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Disappearing Bread/Morphing

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In the "Decoding Ferran Adria" episode of No Reservations, Tony at one point eats something at el Bulli that he refers to as (it sounds like) a "morphing", a sweet bread that apparently disintegrates very quickly in the mouth.

(You can see it here at around 9:15 - http://www.youtube.com/watch?v=BXeDe_...

)

Tony's reaction alone piqued my curiosity, and I can't find much info through Google. Anyone know anything about this dish? How it works, what it's made of, etc.? Or even theories?

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  1. From what I've been able to tell, Anthony was eating the 'bread that isn't bread'. The term morphing is being used in this context to describe how a food is made to look like another *type* of food. You would have to find out the name of the particular dish that he was served in that clip in order to find out more about it.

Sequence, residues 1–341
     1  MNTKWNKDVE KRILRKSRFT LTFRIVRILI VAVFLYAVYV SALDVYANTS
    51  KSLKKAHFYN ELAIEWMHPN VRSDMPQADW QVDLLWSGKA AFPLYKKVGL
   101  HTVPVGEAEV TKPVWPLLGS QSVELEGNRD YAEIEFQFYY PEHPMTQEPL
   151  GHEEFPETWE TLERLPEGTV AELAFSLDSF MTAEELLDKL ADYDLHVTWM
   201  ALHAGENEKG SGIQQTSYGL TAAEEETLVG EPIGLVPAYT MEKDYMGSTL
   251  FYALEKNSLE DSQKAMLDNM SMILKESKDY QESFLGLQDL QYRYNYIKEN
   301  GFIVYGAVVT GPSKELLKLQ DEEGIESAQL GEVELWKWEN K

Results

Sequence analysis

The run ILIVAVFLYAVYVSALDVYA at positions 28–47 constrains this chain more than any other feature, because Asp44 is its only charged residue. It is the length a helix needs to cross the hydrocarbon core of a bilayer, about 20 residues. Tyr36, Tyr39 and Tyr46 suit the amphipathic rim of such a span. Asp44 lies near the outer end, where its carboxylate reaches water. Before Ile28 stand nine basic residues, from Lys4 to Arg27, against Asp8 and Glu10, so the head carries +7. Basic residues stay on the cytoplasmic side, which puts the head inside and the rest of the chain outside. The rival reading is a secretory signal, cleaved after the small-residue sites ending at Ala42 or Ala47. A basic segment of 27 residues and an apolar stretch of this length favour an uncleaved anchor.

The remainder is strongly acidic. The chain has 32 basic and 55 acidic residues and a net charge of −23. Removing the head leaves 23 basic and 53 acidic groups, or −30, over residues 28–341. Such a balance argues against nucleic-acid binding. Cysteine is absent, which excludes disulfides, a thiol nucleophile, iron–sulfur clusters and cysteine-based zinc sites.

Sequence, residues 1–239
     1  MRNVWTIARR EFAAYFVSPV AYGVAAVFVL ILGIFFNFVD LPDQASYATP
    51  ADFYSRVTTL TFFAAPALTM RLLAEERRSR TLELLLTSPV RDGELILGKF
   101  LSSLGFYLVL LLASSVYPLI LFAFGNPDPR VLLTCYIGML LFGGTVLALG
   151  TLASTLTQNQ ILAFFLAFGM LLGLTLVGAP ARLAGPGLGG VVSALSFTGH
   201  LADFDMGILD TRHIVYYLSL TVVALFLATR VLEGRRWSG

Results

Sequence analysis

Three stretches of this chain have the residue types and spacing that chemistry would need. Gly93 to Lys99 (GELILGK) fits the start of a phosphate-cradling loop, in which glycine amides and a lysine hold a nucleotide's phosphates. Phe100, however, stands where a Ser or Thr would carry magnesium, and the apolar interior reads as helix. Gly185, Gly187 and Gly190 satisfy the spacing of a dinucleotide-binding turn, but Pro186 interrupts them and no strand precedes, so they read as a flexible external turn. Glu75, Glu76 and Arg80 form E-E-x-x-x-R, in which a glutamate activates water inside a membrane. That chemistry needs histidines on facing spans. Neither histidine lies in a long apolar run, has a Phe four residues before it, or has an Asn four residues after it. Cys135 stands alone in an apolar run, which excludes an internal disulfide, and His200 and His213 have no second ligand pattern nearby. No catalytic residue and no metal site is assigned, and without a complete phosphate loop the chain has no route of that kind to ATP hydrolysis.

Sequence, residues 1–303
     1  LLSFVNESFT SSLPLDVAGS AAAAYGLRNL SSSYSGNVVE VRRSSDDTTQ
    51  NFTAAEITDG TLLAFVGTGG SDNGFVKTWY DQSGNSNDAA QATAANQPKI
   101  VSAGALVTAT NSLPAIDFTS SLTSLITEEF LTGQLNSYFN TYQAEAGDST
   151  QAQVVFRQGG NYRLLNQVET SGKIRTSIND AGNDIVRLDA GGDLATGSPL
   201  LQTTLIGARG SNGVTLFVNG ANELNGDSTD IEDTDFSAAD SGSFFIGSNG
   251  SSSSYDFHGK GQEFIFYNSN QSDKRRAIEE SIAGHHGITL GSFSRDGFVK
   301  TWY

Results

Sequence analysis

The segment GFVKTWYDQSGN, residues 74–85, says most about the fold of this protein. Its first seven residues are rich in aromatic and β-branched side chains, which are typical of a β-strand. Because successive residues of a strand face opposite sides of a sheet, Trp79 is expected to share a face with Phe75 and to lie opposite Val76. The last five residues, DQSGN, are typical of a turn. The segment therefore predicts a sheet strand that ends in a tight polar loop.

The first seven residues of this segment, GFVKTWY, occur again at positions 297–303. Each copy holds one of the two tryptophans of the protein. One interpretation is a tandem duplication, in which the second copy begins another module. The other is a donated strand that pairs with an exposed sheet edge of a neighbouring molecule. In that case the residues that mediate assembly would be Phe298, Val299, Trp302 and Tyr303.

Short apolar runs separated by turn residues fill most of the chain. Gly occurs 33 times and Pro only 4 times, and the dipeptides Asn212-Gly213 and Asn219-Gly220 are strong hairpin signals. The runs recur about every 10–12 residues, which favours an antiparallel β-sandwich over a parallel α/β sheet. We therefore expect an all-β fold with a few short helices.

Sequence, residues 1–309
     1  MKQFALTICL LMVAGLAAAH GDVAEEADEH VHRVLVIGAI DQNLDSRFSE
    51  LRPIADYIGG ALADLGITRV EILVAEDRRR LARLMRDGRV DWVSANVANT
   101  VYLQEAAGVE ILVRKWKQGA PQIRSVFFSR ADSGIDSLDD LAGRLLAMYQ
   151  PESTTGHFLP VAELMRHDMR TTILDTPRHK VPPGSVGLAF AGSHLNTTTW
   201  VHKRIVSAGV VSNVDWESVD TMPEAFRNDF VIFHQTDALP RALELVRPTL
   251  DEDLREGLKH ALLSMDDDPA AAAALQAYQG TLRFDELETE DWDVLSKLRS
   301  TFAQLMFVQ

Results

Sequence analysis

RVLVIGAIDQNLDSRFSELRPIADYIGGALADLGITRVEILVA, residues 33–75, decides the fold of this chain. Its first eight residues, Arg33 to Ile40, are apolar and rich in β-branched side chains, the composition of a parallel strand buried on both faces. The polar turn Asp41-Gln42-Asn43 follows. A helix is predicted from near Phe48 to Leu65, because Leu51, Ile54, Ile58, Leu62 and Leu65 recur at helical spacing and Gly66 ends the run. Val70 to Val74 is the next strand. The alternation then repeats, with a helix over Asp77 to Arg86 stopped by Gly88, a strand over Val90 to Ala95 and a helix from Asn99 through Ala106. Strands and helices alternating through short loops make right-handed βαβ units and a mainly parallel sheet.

It, or a type of the same, is mentioned here http://thechocolategrape.wordpress.co... and then more precisely here http://chowtimes.com/2009/09/24/sevil...

    Interesting, isn't it?

    1 Reply
    1. re: onceadaylily

      Thanks for the links...unfortunate that no one seems to really know how the chemistry of the thing works. The yogurt powder, I imagine, must be a clue to somebody here.

    2. I took a fast look at my copy of "A Day at elBulli", and I think that it might be similar to the "Air" recipe, which in this instance is chocolate flavored.

      It's basically a mixture of chocolate, praline, lecite and water that's heated and them foamed with an immersion blender. It's held for a while, then foamed again, then frozen. After that the foam is freeze-dried for 48 hours then stored until such time as the chef wishes to freak out his customers. But in a good way. Perhaps.

      The 'lecite' is a soy-lecithin product that aids in the creation and stability of foam.

      The actual recipe is a bit, um, "opaque" to say the least, and no doubt the flavorings can be altered. (If I were going to do an airy chocolate thing, I'd do Heston Blumenthal's 'aerated chocolate' that he uses in his Black Forest Gateau....but I digress.

      1 Reply
      1. re: SherBel

        Thanks, that clarifies things quite a bit. I initially thought it was some sort of actual bread, not a bread-shaped foam.